Eastern/Central European Comfort Food Favorites
- ChristinaMason Dec 10, 2009 11:09 AM
Baby, it's cold outside!
Sometimes you really need a good dose of sour cream or salted pork to get the proper layer of fat built up for winter.
What are your favorite hearty Eastern/Central European foods and dishes when the weather cools down? Memories...better yet...recipes?
Shchi is the classic cabbage soup from Russia, and it will warm your cockles (among other things) on a cold winter's night.
Beer-and-onion braised sausages with a tart German potato salad and a loaf of pumpernickel will put you to rights. Particularly when accompanied by a nice, dark beer.
And, of course, fondue is unbeatable. Is there a more convivial dish known to man? Perfect for fellowiship on a blustery eve, even if you don't own your own Alpine chalet.
Smoked sausages on a bed of braised cabbage and noodles comes to mind, as does chicken paprikash w/ speatzle.
A soup with of wild mushrooms and game is also welcome of cold evenings.
Yay! Loving this thread.
My Babcia's chicken noodle soup with kluski (drop dumplings) -- fantastic...
Barley soup, too, and of course the ubiquitous cabbage soup; all things cabbage, in fact.
Hearty cabbage rolls and patyckzi -- pork shoulder and veal cubes, skewered, breaded, fried, then baked... Oh lord. Diet food, it ain't, but when it tastes that good, who cares? ;)
Sauerkraut stew with onions and pork, or whatever meat is around... yummy baked kugel (my grandmother's version was always just grated potatoes, an egg, butter, bacon... I've never had any kugel with noodles or other ingredients -- I can't even imagine it!)
Ooh, what else? Pierogi, of course... tossed with butter, a sprinkling of salt, and honestly if there is one food I could eat for the rest of my life and not get sick of, I'm sure that would be it. ;)
Lately I've had a hankering for potato pancakes! Gotta add that to my list of "must-makes"...
My grandmother's fantastic pork roast... mustard-glazed, SO simple but meltingly tender and soooo good.
Making myself hungry here!
Oh, it's suuuper-simple -- the kind of tihng that's not so much a "recipe" as "put stuff in a pot" -- but I guess that's true of so many of these "old-country" recipes.
My grandmother used to start with (preferably pork, but beef works) bones, ribs maybe -- whatever's accessible -- make the stock, in goes the cabbage (onion at this point, too, and a clove of garlic) -- a bit of caraway seed, salt, pepper, and let it do its thing for an hour or so.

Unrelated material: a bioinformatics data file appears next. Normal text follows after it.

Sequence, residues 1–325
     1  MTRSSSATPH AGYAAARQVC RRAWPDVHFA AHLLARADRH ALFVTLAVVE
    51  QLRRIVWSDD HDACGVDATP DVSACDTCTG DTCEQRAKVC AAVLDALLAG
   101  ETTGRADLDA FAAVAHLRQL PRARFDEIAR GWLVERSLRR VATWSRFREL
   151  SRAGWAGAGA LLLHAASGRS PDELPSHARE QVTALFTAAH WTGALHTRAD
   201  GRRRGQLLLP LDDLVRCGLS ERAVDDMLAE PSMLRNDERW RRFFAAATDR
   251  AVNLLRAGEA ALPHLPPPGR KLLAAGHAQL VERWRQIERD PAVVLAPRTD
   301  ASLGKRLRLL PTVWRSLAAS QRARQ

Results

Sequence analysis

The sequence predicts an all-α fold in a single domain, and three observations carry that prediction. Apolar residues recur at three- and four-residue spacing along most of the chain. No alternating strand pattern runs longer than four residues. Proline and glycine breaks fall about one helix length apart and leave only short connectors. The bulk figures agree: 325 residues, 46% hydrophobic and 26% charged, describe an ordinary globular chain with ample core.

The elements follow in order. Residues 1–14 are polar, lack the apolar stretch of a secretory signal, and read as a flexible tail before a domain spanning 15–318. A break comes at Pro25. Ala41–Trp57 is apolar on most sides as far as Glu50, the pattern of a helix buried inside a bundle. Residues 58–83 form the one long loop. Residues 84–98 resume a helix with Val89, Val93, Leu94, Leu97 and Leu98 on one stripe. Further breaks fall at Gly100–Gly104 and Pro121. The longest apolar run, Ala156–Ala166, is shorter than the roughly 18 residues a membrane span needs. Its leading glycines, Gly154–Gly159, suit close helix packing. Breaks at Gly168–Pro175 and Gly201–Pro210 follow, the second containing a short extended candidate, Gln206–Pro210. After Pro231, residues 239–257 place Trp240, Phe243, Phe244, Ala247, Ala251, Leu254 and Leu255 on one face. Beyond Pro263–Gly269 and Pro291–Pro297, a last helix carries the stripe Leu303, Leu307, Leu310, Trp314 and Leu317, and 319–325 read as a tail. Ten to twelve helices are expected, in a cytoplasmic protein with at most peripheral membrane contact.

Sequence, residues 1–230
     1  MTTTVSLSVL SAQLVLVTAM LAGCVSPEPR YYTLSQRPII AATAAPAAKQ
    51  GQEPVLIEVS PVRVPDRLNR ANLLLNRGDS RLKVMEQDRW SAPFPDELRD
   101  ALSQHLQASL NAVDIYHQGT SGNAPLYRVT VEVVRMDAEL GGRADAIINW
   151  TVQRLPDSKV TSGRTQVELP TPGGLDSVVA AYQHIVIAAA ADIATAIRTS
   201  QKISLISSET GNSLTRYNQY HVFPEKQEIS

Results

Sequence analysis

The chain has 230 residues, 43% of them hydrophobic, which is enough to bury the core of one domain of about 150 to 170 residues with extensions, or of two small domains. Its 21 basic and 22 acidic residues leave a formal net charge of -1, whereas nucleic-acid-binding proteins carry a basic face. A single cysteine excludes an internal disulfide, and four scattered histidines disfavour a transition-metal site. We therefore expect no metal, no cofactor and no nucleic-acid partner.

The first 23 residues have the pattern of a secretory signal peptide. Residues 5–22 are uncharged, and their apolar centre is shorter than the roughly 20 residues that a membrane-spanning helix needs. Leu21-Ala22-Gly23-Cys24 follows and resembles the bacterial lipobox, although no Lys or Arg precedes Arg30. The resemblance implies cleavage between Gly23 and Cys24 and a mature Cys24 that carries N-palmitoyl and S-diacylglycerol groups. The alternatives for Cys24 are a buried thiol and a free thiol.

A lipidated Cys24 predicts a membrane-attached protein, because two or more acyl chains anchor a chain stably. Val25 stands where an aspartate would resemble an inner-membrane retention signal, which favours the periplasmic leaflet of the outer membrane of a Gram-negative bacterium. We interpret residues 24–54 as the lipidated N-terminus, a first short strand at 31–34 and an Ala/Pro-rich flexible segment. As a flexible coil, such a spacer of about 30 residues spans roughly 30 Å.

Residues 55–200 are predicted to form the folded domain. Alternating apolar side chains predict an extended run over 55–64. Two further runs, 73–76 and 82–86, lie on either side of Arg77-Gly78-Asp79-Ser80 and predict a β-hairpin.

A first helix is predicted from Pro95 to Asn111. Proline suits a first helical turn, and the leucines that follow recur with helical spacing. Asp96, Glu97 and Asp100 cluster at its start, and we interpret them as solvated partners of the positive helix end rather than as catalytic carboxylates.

Usually thickened a bit with a beurre manie, if I remember correctly, and you can add the meat back at the end (or a bit of diced kielbasa or some such.)
Childhood comfort food -- no gourmet fare maybe, but warms the soul.
Love the Hungarian site you posted below -- that pecan-butter pretzel sounds too good to be true!
Sztrapacska which are dumplings similar to Nokedli (spatzle) but made of grated potatoes and flour. They are tossed with bacon bits and cottage cheese and then fried a bit more in the bacon fat.
I'm a fan of Semmelknoedel, or Austrian bread dumplings, which started out as a creative way stretch stale bread. Here's a recipe I've had success with (dumplings only; haven't tried the sauce):
The ingredients are really simple:
200 g (7 oz) dry white bread or 6 1-day-old rolls (Brötchen
)about 200mL (6.8 fl oz) lukewarm milk
freshly ground black pepper
freshly ground nutmeg
1/2 bunch flat-leaf parsley
1 T butter
flour or breadcrumbs
I used to serve/bartend in an Austro-German restaurant in D.C. The chef was Austrian and actually French-trained in the Bahamas. I forget how he ended up in D.C....greencard lottery, I think. Anyway, he shared his recipe for one of my favorite dishes there,
"Just sautee chopped onions and the cubed venison in a saucepan, then put the seasonings like salt, pepper, little garlic, rosemary, bay leaf and a little beef base.
Add redwine and water to cover the meat, let boil for about 45 minutes and then add some lingonberry to the stew. Just some final taste of seasonings and then thicken it with a little flour and water. Bon Apetite."
We always served it with spaetzle, a dab of sour cream, and lingonberry jam. It didn't last long whenever it was the special.
Gaisburger Marsch, Which is a beef stew with potatoes and fried onions served over spaetzle.
It brings back memories of my apprenticeship in a Austrian restaurant with a German chef, we would make this once a week for the crew meal and everyone loved it.
They actually have a very nice recipe here on Chow for braised red cabbage, I think it's part of the Octoberfest menu. In short, you need to melt bacon, add onion, fry until it becomes yellowish, then add red cabbage, give it time to welt (sp?) for about 5 minutes, then add a combination of apples, hot water, rice wine vinegar, glove, sugar, salt and pepper. I boil it under the lid for 45-50 min, until cabbage becomes really soft. It's so good!
CM, I never thought about it, but IIRC I have tasted it immediately after browning and it was bitter. Still, when the soup is finished I notice no impairment. My recipe is an amalgam of other recipes. The dusting, is a technique from an authentic goulash recipe that eschews tomatoes. I believe It was Escoffier who popularized the inclusion of tomatoes in goulash and I think it improves the sleves (soup) immensely.
A thick and hearty bigos is the perfect winter meal in my opinion. And I love dishes that age like a fine wine. Only plump bites of gołąbki come close to this kind of Polish perfection.
I also love the creaminess of chicken paprikash over egg noodles or gulyasleves with fluffy knedliky, but I find myself more often making bowls of tender pörkölt. It is just easier to leave something to meld together on a slow simmer on a cold afternoon. That same line of reasoning also lends itself to supporting Tafelspitz as another contender for terrific winter food.